Opting out of dental radiographs (X-rays) can lead pet owners to miss approximately 75 percent of dog health issues, including oral diseases.

For teeth misalignment, the X-ray will confirm the state of teeth cleaning and possible remaining deciduous teeth. The X-ray will also be used to look for any signs of pus cavities under teeth due to oral infections, foreign objects, cysts, tumors and whether it's safe to assume that the misalignment is hereditary or not. While some cases may be more obvious than others, two-thirds of a dog's teeth are under the gums so they may not be viewable from first glance to a pet owner or even veterinarians.

Potential jaw fractures and signs of temporomandibular joints (TMJ) will also be looked at, the latter of which may also make it difficult for a dog to chew its food correctly or even open its mouth without experiencing pain.

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Treatment of Malocclusion of Teeth in Dogs

For dogs that have teeth misalignment but can bite, chew and swallow without any problems, there may be no need for treatment. In dogs that experience the teeth or jaw alignment due to genetics, not much can be done to "correct" it outside of neutering or spaying the animal so future puppies will not have the same problem.

However, for dogs that experience pain, the first resolution will more often than not be to remove deciduous teeth, which are notoriously linked to oral discomfort and diseases in dogs past the age of 10 months. Veterinarians will encourage pet owners to pay special attention to the pattern of their dog's teeth during the puppy stages to avoid long-lasting issues.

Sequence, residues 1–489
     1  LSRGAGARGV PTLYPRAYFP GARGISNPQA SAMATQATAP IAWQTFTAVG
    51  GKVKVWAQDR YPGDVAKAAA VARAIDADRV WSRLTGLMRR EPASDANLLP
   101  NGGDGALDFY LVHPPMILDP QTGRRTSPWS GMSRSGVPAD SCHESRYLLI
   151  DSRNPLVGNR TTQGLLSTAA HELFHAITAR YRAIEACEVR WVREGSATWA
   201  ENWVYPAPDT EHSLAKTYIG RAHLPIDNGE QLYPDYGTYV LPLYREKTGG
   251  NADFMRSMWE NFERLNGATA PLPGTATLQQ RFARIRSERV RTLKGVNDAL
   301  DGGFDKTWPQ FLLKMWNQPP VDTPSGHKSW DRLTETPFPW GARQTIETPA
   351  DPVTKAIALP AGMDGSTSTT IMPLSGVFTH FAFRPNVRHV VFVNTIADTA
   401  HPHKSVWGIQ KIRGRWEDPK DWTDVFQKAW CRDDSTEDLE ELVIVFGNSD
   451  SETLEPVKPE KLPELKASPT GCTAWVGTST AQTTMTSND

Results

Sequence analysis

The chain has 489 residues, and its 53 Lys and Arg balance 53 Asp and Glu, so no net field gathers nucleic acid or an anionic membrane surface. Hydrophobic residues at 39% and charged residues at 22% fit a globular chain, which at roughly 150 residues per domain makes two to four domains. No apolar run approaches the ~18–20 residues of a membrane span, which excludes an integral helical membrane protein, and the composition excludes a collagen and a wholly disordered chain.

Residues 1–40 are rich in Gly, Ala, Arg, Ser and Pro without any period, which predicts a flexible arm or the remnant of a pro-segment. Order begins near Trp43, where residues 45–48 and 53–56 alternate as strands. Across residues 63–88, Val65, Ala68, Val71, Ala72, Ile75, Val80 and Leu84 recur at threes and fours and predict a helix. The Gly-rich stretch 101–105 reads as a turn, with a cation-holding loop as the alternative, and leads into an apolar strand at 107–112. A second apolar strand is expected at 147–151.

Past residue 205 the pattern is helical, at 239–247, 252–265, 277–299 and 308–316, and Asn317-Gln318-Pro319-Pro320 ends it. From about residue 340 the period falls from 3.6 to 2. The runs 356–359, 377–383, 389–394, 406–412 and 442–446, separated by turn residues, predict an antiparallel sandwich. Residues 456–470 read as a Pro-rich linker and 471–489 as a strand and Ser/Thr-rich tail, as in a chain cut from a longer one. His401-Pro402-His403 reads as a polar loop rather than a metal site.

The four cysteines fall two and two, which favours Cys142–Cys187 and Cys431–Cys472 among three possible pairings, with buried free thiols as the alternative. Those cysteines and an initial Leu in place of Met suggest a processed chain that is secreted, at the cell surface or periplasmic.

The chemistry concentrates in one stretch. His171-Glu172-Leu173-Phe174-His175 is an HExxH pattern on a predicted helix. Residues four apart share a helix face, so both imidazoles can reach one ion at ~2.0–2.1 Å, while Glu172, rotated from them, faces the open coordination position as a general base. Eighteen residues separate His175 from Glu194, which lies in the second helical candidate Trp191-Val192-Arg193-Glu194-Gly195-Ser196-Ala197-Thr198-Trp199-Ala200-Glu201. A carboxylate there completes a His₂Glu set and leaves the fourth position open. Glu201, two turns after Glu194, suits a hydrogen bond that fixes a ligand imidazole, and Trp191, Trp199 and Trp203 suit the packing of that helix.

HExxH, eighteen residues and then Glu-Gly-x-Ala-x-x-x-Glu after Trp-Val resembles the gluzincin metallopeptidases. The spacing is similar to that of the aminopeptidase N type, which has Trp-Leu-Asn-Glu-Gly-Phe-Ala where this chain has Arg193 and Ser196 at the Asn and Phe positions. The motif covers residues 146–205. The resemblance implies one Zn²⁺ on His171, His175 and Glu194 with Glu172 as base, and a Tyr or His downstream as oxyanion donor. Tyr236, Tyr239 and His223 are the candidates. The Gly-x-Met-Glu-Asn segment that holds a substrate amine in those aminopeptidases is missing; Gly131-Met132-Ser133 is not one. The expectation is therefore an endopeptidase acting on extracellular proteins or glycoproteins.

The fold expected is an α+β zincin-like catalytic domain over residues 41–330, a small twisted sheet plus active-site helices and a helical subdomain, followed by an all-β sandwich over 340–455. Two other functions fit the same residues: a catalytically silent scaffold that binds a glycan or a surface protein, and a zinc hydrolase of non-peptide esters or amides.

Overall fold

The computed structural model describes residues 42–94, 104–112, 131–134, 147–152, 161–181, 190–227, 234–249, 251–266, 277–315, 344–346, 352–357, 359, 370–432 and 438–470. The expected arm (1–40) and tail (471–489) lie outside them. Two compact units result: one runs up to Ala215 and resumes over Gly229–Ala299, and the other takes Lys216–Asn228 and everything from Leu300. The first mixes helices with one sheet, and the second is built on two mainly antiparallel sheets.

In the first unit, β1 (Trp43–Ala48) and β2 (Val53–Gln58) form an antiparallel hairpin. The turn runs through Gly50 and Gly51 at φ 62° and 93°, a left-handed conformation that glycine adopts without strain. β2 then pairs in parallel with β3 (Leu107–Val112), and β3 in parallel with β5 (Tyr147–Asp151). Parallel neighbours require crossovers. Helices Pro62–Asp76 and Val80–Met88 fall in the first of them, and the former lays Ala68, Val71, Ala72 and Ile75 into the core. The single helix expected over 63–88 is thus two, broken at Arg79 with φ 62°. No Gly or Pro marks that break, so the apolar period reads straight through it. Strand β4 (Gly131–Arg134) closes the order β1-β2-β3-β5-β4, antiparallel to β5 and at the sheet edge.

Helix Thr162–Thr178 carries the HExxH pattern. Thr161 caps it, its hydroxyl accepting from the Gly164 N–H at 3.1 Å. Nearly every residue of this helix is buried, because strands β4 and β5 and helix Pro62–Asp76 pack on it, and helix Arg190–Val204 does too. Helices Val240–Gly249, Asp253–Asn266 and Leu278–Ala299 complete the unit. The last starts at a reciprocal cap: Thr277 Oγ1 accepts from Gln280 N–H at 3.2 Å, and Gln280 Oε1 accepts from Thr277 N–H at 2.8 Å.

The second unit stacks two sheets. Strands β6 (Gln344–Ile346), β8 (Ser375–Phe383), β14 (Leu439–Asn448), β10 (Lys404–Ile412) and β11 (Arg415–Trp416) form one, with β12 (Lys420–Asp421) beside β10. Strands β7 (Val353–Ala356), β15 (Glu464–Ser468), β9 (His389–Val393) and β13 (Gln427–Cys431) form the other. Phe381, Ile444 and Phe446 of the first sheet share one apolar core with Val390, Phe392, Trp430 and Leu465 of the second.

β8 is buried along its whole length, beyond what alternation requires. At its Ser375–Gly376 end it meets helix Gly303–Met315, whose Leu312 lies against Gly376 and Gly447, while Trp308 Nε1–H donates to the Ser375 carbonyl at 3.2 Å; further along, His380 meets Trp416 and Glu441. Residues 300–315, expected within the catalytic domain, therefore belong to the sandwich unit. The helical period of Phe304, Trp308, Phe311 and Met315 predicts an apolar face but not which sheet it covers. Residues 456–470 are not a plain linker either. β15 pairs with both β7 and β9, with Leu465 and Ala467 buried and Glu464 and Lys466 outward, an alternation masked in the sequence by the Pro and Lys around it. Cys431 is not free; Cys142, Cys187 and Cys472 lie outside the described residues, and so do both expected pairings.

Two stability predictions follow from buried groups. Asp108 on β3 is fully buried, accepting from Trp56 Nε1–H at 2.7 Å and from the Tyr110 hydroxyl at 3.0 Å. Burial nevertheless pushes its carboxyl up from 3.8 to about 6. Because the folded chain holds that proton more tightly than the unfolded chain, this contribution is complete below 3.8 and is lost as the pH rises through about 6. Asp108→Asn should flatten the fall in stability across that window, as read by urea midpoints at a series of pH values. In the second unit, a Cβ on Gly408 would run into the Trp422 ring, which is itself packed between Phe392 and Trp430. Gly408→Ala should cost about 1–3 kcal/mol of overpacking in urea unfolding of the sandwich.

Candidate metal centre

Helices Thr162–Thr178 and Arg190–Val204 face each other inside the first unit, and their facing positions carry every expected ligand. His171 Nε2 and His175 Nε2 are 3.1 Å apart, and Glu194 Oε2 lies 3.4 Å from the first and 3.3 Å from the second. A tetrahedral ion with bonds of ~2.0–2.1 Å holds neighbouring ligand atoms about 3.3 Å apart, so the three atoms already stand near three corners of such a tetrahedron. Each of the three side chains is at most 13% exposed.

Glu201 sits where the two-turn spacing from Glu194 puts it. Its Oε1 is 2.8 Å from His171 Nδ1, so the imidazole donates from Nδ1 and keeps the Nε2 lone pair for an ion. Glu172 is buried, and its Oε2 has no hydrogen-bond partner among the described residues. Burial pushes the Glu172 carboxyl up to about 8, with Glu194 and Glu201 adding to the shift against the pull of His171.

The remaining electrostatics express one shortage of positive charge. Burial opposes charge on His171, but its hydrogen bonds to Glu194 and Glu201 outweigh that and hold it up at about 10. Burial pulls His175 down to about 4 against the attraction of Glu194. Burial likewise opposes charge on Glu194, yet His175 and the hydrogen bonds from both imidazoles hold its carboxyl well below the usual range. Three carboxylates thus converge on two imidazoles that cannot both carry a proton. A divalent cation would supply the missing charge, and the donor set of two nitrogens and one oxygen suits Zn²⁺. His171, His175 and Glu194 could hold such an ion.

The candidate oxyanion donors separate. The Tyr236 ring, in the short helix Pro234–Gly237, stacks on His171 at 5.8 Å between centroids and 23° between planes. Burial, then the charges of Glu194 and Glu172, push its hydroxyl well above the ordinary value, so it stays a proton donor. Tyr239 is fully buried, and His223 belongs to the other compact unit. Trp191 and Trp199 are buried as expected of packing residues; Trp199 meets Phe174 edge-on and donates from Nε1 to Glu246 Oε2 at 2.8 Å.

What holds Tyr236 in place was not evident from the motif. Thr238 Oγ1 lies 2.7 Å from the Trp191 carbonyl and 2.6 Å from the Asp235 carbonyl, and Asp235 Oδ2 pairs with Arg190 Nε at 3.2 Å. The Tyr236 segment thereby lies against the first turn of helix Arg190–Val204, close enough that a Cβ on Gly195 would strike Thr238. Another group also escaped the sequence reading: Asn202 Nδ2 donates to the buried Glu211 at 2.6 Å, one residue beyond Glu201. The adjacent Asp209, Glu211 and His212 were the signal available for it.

If a dog is experiencing unusual behavior (heavy gulping, salivation and constantly rubbing at its own face), it's in pain or, at least, irritated. If foreign objects are the cause, those will be removed immediately once an X-ray identifies it.

Braces may be necessary to save good teeth from being extracted unnecessarily, especially if missing teeth are leading to other oral complications. The size of the braces will heavily depend on the shape and the size of the dog’s mouth and face.

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Recovery of Malocclusion of Teeth in Dogs

Dogs who wear braces may first have to get used to chewing differently and not being able to eat hard, dry dog food. The dog will also have to give up any hard chewing toys, or it may risk a tooth fracture or braces coming out of alignment. Dog braces are worn for approximately six months to one year, but in extreme cases, it may take as long as two years to correct the teeth misalignment issues.

Dogs should recover from tooth extraction within a few weeks, but four- to six-week checkups are recommended at least two to four times a year, in addition to regular cleaning to make sure the dog's teeth continue to be healthy.

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Malocclusion of Teeth Average Cost

From 40 quotes ranging from $200 - $2,500

Average Cost

$850

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Malocclusion of Teeth Questions and Advice from Veterinary Professionals

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Anira

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Giant Schnauzer

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6 months

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Mild severity

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0 found helpful